"Whatever you do to change habitat will benefit some species and negatively impact others," Jack Ward Thomas, a wildlife biologist and a former chief of the U.S. Forest Service, says. "It's not as simple as getting the cows on or off."

It is likely that ungrazed grasslands will burn far more frequently than grazed ones; if cows are removed, wildlife populations will change, as palatable forage for elk, antelope, and deer decreases and annual plants and the animal species that prefer them also decline. There will be fewer rodents, which will mean less food for raptors, coyotes, and other predators.

"The question is, How do you make changes that will improve range conditions in a reasonable time frame and also not negatively affect people's ability to make a living?" says Donald J. Bedunah, a plant ecophysiologist at the University of Montana. "I don't believe rapid change is necessary. We don't have to persecute ranchers to accomplish what is needed."

Who Owns the West?

A force akin to persecution has been gathering momentum. Environmentalists from the desert Southwest to the Great Basin to the Rocky Mountain Front have been mounting a barrage of lawsuits calculated to shut down or cripple commodity uses of public lands and further incapacitate land-management agencies that are already suffering from congressional budget cuts and layoffs.

In 1994 the National Wildlife Federation sued the Forest Service for not complying with the Beaverhead Riparian Guidelines and demanded that all grazing allotments not in compliance be suspended. The same group later scored a court victory in Utah that forced the BLM to remove all cows from the canyons of the Comb Wash grazing allotment. The Oregon Natural Desert Association sued the BLM for violations of the Wild and Scenic Rivers Act, ultimately seeking a permanent ban on grazing. Gila Watch, a local watchdog group, appealed the 230-square-mile Diamond Bar allotment, in southern New Mexico. In Idaho a campaign by activists forced the Forest Service to remove two thirds of the cattle grazed on the Stanley Basin allotment, in the Sawtooth National Recreation Area. And in the Southwest a zealous assortment of biologists, land planners, and other activists, known as the Southwest Center for Biological Diversity, has created a legal "train wreck" with more than a hundred lawsuits against federal agencies, hindering range and timber management until forest plans are amended.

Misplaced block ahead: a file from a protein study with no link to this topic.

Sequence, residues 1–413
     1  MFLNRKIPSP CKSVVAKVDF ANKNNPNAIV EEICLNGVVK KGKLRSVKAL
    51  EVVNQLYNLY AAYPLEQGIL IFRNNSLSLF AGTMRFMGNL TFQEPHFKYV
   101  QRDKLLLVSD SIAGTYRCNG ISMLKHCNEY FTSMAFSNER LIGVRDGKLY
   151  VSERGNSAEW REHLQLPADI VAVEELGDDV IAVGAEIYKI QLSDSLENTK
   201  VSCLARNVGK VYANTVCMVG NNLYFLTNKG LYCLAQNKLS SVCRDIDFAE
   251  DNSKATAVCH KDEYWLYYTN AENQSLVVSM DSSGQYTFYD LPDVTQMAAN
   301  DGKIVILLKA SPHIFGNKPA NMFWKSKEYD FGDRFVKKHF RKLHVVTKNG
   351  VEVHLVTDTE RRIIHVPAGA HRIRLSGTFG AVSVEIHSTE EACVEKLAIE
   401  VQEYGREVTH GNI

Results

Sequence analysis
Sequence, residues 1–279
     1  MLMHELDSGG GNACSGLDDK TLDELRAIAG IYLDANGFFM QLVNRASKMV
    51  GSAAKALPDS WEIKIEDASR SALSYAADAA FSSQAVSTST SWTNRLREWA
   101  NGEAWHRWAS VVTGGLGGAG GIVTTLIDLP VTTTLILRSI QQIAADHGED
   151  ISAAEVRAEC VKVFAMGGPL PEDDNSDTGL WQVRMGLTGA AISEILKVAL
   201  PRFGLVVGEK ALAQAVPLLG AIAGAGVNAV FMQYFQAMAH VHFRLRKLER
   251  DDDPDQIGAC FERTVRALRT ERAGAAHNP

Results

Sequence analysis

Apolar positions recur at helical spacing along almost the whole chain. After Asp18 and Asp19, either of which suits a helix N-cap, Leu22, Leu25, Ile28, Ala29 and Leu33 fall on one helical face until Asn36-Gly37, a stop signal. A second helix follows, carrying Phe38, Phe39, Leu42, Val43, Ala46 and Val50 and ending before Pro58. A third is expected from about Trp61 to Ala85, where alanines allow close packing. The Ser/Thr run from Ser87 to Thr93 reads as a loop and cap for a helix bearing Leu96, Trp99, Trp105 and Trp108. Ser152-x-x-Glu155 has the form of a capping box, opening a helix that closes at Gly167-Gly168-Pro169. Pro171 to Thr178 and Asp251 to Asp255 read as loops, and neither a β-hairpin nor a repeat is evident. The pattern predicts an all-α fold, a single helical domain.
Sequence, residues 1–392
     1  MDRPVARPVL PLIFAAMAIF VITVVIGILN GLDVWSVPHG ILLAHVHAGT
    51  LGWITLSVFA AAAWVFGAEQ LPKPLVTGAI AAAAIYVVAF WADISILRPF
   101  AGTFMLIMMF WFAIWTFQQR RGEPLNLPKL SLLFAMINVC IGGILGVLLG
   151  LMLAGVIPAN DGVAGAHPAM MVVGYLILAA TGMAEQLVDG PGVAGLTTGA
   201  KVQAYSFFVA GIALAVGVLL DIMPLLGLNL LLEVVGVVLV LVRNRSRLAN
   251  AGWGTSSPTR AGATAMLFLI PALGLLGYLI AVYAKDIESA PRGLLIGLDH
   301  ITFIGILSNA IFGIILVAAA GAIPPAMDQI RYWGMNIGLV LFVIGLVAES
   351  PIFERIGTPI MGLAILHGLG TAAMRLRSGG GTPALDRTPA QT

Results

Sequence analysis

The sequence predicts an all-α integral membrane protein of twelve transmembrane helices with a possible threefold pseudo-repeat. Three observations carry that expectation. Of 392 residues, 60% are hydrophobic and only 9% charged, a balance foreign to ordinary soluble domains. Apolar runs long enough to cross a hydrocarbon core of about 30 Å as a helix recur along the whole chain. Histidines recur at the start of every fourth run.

It's no accident that these clashes are escalating at a time of new westward migration. The population of the West has increased by 14 percent since 1990, and the nation's five fastest-growing states are in the West—Nevada, Arizona, Idaho, Utah, and Colorado. These are also among the states where ranchers are the most dependent on public-lands grazing. Since 1982 urban growth in the West has consumed more than two million acres of land. In Montana alone, where the land rush is slower than in other western states, about three million acres of agricultural land have been subdivided since 1985.

Rarely do New West migrants blend seamlessly into Old West culture. KEEP OUT signs now bar country lanes that once were open to the community. Drugs and gangs are overtaking some small-town secondary schools. Traffic jams and road rage are becoming more common than tractors on the highways. Off-road, mountain bikes roam the range. For good or ill, the last remnants of the Old West are dying.